German rail union Transnet embroiled in scandal
28 November 2008
Last Monday the German rail-workers’ trade union Transnet held a congress which agreed a change of leadership. The longstanding union executive member, Alexander Kirchner, was elected the union’s new chairman.
Transnet had already undergone a change of leadership in May this year when Norbert Hansen resigned as chairman. Just a few days after the decision by the German government to support the partial privatisation of the German railways, Hansen took over a well-paid post on the board of German Railways (DB – Deutsche Bahn). Hansen and the entire Transnet executive were staunch supporters of privatising the railways, which until now has remained largely in the hands of the state.
Using his trade union experience Hansen was able to convince his new bosses to appoint him to the post of new DB personnel chief—with a salary of 150,000 euros per month.
Before taking over as head of personnel, Hansen told the Bild newspaper what railway workers should expect from DB under his leadership—redundancies, rationalisation and greater workloads. According to Hansen, in future train drivers should even be prepared “to go through the train and tidy up, or help load the bags at small stations.”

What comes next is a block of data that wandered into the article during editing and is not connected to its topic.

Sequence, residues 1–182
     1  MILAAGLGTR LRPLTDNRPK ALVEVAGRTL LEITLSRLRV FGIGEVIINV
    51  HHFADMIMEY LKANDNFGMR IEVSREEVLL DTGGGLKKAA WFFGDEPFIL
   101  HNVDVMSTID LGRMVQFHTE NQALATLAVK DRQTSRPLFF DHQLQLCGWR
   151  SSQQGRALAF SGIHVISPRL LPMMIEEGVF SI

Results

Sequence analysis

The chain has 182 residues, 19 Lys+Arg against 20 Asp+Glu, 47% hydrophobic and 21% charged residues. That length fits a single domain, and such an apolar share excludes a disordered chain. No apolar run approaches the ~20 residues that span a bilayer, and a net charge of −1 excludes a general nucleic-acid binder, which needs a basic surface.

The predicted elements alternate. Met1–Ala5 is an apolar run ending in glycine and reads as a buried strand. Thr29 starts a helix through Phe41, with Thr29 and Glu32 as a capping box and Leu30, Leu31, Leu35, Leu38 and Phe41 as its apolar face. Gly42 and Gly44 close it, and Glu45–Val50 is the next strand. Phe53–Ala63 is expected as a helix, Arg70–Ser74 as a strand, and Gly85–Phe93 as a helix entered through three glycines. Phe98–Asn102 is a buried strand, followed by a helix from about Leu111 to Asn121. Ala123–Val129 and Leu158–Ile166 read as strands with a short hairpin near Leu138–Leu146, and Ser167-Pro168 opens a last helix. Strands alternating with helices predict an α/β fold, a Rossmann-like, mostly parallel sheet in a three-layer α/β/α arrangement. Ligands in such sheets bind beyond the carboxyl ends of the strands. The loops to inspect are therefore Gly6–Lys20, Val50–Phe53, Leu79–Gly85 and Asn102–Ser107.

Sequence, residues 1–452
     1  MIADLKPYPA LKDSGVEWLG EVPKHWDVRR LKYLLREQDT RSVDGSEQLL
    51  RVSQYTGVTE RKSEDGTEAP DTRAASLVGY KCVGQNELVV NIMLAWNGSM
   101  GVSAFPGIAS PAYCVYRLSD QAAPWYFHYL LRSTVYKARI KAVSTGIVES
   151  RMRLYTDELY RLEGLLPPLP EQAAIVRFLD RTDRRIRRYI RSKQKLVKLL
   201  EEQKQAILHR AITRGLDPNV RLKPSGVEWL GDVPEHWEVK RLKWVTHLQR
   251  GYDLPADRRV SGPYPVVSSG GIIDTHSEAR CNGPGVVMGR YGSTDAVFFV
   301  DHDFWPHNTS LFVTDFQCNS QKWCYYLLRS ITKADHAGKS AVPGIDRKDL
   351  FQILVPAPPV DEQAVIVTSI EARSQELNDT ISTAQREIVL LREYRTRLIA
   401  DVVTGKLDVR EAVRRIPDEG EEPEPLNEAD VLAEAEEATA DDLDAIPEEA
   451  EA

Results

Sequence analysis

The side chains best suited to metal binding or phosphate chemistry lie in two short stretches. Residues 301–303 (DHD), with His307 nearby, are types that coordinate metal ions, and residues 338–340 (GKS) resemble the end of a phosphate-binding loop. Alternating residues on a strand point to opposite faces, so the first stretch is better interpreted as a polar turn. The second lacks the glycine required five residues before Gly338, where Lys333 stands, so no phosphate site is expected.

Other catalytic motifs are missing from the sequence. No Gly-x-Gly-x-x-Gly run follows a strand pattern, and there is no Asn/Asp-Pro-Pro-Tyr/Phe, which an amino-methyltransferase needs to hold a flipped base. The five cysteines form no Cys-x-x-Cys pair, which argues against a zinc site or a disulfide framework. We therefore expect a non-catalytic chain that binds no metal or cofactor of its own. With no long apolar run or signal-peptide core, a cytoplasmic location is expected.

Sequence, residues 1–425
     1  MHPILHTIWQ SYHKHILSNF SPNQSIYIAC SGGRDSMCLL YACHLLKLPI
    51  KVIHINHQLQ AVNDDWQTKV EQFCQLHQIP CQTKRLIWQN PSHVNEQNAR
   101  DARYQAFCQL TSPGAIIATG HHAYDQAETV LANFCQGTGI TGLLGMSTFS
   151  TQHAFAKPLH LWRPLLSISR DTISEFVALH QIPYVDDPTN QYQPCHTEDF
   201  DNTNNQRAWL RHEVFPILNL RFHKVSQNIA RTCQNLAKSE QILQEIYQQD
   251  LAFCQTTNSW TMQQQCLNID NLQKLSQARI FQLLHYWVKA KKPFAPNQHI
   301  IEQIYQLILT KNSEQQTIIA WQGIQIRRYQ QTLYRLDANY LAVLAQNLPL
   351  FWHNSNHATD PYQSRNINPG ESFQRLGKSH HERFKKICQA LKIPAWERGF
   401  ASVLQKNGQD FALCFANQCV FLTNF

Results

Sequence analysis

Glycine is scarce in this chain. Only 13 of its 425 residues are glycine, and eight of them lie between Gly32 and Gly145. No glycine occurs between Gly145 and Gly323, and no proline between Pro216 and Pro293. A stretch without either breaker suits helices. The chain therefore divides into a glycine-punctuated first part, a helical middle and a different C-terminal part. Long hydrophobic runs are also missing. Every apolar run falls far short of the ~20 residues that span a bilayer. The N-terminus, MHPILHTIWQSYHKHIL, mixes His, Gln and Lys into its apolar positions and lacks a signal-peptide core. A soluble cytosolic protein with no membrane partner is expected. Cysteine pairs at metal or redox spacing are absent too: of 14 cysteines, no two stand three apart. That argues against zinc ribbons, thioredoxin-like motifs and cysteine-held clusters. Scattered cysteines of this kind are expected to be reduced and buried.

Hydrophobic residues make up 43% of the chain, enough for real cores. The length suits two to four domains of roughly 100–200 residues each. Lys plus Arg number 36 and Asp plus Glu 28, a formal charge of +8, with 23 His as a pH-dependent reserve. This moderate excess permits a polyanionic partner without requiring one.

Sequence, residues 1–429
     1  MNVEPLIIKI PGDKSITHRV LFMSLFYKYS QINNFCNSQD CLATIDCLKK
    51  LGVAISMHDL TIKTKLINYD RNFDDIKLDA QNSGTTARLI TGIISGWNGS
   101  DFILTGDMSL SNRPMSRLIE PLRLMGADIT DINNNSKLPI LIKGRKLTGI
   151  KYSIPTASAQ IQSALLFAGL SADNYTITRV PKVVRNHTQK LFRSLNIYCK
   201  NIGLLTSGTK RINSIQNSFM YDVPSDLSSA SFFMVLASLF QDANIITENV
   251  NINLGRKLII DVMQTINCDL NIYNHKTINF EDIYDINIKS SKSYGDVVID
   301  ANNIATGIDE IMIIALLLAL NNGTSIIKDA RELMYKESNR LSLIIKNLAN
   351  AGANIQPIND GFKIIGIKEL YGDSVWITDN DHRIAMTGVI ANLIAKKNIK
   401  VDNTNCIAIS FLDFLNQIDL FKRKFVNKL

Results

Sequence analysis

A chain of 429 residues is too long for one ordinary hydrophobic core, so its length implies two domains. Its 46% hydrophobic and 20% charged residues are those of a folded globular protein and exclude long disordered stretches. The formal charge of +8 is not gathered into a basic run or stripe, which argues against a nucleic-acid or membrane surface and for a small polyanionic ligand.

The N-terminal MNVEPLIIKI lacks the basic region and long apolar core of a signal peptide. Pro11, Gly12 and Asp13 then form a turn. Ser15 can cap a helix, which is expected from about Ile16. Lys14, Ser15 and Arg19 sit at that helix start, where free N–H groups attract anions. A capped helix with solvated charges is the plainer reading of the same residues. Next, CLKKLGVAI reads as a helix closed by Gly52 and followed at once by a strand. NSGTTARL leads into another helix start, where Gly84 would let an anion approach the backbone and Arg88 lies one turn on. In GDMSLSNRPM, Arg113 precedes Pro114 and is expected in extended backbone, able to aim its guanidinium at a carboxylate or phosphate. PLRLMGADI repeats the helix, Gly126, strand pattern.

When Hansen’s deputy at Transnet, Lothar Krauss, took over the chairmanship in May, it was clear that he would continue the course of his predecessor. Krauss defended Hansen’s switch to the DB board as “part of the German tradition of management-union collaboration”. He thought Hansen’s move was “perfectly ok” and was proud of the fact that a trade unionist could take over as head of personnel.
Although there was considerable disquiet in the union membership, with 1,000 resignations and a host of unsuccessful motions to expel Hansen from the union, Krauss and the executive committee continued their policy of cuddling up to DB chief executive Hartmut Mehdorn.
At the end of October, however, it was announced the DB executive—including Hansen—had agreed an “event profit windfall” bound up with the planned stock exchange launch of DB. This extravagant bonus for top management had been decided by the four member personnel committee of the company’s supervisory board. One of these four members was Transnet boss Lothar Krauss, who voted for the bonus. After denying his role in the whole affair for weeks, it became clear that Krauss’s position in Transnet was untenable.
The proposed launching of DB on the stock exchange has since been postponed due to the international finance crisis. Nevertheless details of the planned launch have been publicised. DB chief Mehdorn was due to pocket up to 1.4 million euros as a premium, with other executive committee members raking in between one and 1.2 million euros.